George Stephenson was a British mechanical and civil engineer. Stephenson is credited with pioneering rail transport which is widely regarded as one of the most prominent inventions of the 19th century. Regarded as the Father of Railways, George Stephenson is also credited with developing the standard rail gauge which is used by several railways around the world.
Famous for his designs of car and airplane engines, fifteen years old Frederick Henry Royce learned engineering through hands-on during his apprenticeship at Great Northern Railway Company rather than through education. At twenty-one, he started his own engineering business, manufacturing electrically driven cranes, dynamos, and motors, eventually drawing the attention of C.S. Rolls, co-founding the Rolls Royce Company with him.
Nigel Gresley designed some of Britain’s most famous steam locomotive engines. He also invented the Gresley conjugated valve gear, which smoothened the running of engines. His A4 Mallard was the world’s fastest steam locomotive. He later won honors such as the CBE and was also knighted.
Copley Medal-winning engineer Charles Algernon Parsons revolutionized marine transport with his invention of a multi-stage steam turbine. His other inventions include a mechanical reducing gear. Apart from being named a Fellow of the Royal Society, he was also knighted and awarded an Order of Merit for his contributions.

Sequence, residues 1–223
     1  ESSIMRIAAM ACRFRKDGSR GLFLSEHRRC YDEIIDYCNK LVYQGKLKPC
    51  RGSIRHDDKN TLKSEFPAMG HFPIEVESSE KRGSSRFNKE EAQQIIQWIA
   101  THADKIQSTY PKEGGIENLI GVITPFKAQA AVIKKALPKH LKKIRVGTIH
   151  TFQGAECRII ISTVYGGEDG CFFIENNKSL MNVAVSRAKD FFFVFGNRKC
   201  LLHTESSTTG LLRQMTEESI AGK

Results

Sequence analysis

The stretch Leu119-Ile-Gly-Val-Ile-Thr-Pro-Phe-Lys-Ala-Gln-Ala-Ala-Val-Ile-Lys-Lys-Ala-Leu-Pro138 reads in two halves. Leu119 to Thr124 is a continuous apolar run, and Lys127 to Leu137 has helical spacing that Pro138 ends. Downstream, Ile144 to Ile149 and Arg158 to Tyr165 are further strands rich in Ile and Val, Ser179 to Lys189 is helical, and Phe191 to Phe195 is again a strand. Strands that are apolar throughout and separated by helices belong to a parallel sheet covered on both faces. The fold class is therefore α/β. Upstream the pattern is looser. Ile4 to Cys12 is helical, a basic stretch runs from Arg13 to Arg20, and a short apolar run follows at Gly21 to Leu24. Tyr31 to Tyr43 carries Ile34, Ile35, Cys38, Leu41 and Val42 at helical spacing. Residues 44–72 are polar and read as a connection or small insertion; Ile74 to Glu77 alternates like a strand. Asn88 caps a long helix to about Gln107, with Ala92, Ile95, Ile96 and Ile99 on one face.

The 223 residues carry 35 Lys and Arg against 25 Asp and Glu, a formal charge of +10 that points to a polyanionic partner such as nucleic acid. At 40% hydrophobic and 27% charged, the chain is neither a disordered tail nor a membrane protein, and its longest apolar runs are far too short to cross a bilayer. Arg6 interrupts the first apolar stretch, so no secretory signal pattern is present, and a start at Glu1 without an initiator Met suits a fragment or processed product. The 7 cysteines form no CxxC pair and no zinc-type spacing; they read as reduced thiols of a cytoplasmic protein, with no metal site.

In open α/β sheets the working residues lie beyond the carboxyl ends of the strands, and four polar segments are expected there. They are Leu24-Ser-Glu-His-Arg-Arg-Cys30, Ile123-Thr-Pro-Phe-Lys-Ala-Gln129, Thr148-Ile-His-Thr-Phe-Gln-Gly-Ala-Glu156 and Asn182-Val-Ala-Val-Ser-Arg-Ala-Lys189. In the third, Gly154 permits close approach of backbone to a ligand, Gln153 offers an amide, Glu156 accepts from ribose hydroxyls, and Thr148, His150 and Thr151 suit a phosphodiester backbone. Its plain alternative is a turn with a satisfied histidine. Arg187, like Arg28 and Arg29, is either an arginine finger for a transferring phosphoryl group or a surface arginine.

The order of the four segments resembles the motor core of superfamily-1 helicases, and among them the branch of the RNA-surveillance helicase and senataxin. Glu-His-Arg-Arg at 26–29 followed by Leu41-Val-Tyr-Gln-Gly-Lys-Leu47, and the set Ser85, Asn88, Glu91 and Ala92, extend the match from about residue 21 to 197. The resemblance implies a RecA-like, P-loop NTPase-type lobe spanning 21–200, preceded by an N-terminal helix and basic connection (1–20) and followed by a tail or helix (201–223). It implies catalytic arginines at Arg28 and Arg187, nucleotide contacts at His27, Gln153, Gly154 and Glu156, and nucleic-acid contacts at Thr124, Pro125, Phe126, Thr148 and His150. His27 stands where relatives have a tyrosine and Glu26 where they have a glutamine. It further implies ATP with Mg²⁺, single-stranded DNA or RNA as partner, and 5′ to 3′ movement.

Mechanical engineer Joseph Whitworth is best remembered for devising the British Standard Whitworth system for screw threads. He contributed a lot to the development of Owens College, introduced a scholarship, and left most of his fortunes to the people of Manchester. He was also made a baronet of the U.K.
French-British engineer Marc Isambard Brunel is best known for constructing the Thames Tunnel and had been the chief engineer of New York City. He had also spent time in a debtor’s prison for his association with loss-making projects. He was the father of renowned engineer Isambard Kingdom Brunel.
While he initially apprenticed under a lock maker, he later joined the factory of Sir Marc Isambard Brunel, where he invented scores of machines, the most notable of them being the metal lathe. He also developed plane surfaces to aid his workmen at his factory. He was married to inventor Joseph Bramah's housemaid.